Global Finance Magazine: Vietnam turning into one of SEA's most powerful magnets for FDI
On September 21, Global Finance Magazine published an article named "Vietnam’s Great Expectations," which says Vietnam has become one of the leading countries in Southeast Asia in attracting foreign direct investment (FDI).
The writing attributes it to a range of advantages of the country, including its favorable demographics as 40% of Vietnam’s population of 100 million are under 25. In addition, it has tariff-free access to the Southeast Asia region with 800 million people thanks to being a member of the Association of Southeast Asian Nations (ASEAN).
|Screenshot from the article.|
“The 2023 outlook for the business environment in Vietnam shows promising signs of improvement,” says Thierry Mermet, CEO of Source Of Asia (SOA), a consultant to companies looking for business opportunities in Vietnam and ASEAN. “The capital from foreign direct investments reached around $10 billion [over Q1 of 2023], showing a rise of 0.5% compared to the same period last year.” SOA projects the pattern to continue. “Our projections for the next quarter are looking just as positive. Companies are actually expecting similar levels of foreign direct investment to keep coming in.”
Longer term, he says, “Vietnam is really cementing its position as one of the top three places where European business leaders want to invest.” According to the Business Confidence Index report from EuroCham, he notes, “3% more leaders have picked Vietnam as one of their top three investment choices. It’s a solid indicator that we’re on the right track.”
The article said that 90 countries and territories invested in Vietnam in the first half of this year; the top five are Asian countries. with the Republic of Korea in first place, accounting for 81 billion USD. It was followed by Singapore and Japan with 72 billion USD and nearly 70 billion USD committed, respectively. Notably, while the US stood in the 7th position in terms of investment capital, it is Vietnam’s first key export partner.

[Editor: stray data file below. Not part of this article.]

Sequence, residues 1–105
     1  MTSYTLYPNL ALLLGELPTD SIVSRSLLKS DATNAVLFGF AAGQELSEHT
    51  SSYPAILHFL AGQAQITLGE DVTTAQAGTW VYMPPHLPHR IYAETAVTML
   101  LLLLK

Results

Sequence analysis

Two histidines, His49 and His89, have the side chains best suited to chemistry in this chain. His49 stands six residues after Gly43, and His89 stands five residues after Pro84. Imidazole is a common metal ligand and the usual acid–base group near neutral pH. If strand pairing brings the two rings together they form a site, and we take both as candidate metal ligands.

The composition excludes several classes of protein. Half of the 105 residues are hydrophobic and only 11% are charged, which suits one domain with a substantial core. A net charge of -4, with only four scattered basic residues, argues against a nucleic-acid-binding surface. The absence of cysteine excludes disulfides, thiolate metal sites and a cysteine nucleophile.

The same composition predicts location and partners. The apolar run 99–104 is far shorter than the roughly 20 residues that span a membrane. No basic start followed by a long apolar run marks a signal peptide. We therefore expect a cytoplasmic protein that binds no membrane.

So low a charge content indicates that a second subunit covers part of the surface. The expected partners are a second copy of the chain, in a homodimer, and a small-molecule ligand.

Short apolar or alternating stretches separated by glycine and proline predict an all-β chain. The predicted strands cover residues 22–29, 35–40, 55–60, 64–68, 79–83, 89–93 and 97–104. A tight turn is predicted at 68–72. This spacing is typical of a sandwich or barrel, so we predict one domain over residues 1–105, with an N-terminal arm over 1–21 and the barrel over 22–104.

Another indicator of Vietnam’s attraction is homegrown electric vehicle (EV) manufacturer VinFast, which recently became the world’s third-largest automaker by market capitalization, behind Tesla and Toyota.
According to Barry Elliott, Vice President of Tomkins Ventures and a supply chain guru long active in Vietnam, this not only signals a promising future for the EV industry in Southeast Asia in general but also exemplifies Vietnam’s emerging prowess in manufacturing.
Meanwhile, S&P Global said that Vietnam’s robust economic growth is also a factor that helps attract foreign investors to the country. Although its economic growth slowed to 3.7% in the first half from 8% in 2022, the World Bank predicts a rebound in the second half of this year.
The S&P Global forecast an increase in mergers and acquisitions in Vietnam’s banking sector over the next two years as lenders seek to bolster their capital.
On a recent trip to Ho Chi Minh City, Jacqueline Poh, managing director of Singapore’s Economic Development Board (ED,B) met with startups in financial services, robotics, and renewables. She noted the great influence of a returning diaspora with deep experience abroad, tagged approvingly by the Vietnamese as “sea turtles.”
“All have a can-do spirit, support for each other, and gumption,” says Poh. ”This heady mix has created a conducive local startup ecosystem.”
Poh also cited the growth of the Vietnam-Singapore Industrial Parks (VSIPs), the first of which were established in 1996 and now number 17 across 10 locations “The existing 14 VSIPs have garnered $18.7 billion in investment so far and have created 300,000 jobs in Vietnam,” she notes.
Incentives driving the rise in foreign direct investing, says Carsten Ley, founder and managing director of Asia PMO, which advises companies on operations in Vietnam, is a “China plus one” risk mitigation model aimed at forestalling on China by building redundancy in at least one other regional center. As a case in point, Ley cites Apple, which recently moved iPod production from China to Ho Chi Minh City, where most manufacturing is located. “Many Korean companies are also investing,” he says: “Samsung, LG on the IT side. Lego just opened a huge factory outside Ho Chi Minh.”
As this suggests, Vietnam is now moving up the value chain from shoes and garments toward high tech, including Vietnamese fintechs such as payment providers Momo, ZaloPay, and VNPay, and foreign startups.
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